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The main thing I worry about isn't so much how they will age, but how much better artists will be in the future and it makes me think I should save my back and remaining free arm till last. If you look at some artists who were considered absolutely mind blowing from 10/15 years ago , some of them look so mediocre now. Especially in the last five years it seems the technicality has come on leaps and bounds. Who knows how much better they could be in 5 years?
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Old 16-04-2018, 09:35 PM   #16
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I exfoliate every month or so with an exfoliation glove and then cream after.

Regularly moisturize and baby them and you can't really go far wrong.

A good artist can always rework and brighten them up aswell if the did degrade over years aswell.

I am bad for not staying out of the sun though and I go very dark but if I tan I wear socks over most of them to protect them.
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Old 17-04-2018, 01:21 AM   #17
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I exfoliate every month or so with an exfoliation glove and then cream after.

Regularly moisturize and baby them and you can't really go far wrong.

A good artist can always rework and brighten them up aswell if the did degrade over years aswell.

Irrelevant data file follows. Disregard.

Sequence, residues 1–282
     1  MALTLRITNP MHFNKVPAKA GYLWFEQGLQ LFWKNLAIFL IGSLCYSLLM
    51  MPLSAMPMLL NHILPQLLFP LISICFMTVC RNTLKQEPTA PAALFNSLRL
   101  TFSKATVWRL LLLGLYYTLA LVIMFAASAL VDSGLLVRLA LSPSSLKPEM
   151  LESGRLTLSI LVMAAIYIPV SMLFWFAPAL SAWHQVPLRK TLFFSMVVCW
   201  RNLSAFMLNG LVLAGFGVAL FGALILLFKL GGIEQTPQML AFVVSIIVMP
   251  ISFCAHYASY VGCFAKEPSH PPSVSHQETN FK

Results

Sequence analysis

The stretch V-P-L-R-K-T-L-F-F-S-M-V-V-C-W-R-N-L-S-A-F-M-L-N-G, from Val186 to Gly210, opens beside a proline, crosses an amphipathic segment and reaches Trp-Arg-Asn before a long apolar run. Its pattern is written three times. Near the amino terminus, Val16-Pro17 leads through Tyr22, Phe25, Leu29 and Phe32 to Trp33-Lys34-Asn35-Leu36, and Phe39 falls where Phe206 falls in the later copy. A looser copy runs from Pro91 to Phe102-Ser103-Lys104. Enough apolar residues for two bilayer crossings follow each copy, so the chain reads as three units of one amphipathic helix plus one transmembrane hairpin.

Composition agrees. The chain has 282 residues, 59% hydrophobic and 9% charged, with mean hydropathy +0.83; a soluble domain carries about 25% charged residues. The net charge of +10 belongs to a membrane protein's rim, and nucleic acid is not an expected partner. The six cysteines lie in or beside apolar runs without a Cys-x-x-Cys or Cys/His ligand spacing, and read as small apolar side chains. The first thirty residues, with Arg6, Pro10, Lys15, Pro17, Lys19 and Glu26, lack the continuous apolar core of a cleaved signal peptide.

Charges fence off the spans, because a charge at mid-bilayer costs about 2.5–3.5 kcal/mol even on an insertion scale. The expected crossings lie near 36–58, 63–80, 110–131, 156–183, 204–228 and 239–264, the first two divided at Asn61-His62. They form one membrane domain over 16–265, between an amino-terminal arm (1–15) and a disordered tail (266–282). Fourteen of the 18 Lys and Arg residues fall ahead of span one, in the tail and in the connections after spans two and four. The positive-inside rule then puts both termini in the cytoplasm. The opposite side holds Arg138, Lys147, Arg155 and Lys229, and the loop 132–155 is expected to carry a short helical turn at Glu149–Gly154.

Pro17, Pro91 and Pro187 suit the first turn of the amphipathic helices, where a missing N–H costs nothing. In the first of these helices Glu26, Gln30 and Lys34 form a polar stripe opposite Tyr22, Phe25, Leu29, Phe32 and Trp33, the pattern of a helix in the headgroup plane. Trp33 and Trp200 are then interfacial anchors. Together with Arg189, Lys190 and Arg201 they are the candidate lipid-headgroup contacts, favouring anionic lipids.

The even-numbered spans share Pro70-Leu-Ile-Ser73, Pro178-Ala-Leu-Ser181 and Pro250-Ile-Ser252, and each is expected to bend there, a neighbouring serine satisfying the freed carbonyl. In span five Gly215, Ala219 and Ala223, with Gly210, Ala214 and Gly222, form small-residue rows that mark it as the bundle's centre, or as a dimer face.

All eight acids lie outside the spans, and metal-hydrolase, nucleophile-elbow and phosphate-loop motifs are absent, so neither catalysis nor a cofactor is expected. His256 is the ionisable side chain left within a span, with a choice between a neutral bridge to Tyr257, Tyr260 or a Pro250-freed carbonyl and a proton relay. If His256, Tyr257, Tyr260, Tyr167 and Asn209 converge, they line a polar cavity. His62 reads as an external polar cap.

I am bad for not staying out of the sun though and I go very dark but if I tan I wear socks over most of them to protect them.
I actually just got a exfoliating brush yesterday.
What lotion do you use?
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Old 17-04-2018, 02:12 PM   #18
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The main thing I worry about isn't so much how they will age, but how much better artists will be in the future and it makes me think I should save my back and remaining free arm till last. If you look at some artists who were considered absolutely mind blowing from 10/15 years ago , some of them look so mediocre now. Especially in the last five years it seems the technicality has come on leaps and bounds. Who knows how much better they could be in 5 years?
Yeah but nowadays with Instagram you are more plugged in then ever before. Back in the day you had to find artists by word of mouth or by magazine. This meant that not everyone saw the really hard to find, yet really good, artists.

10/15 years ago we didn't have so many styles, but now there's one for every form of art basically. I really don't think we will see another tattoo Renaissance, so I don't think most people should worry about going to get their back done. Plus your skin is better the younger you are, holding off 5-10 years might affect what you can get on your back depending on your age.
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Old 17-04-2018, 02:25 PM   #19
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Yeah, but the older you are when you get your back done, the better it'll look when you're 50.
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Old 17-04-2018, 04:05 PM   #20
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Yeah, but the older you are when you get your back done, the better it'll look when you're 50.
What if you are a 48-year old man who has leathery skin?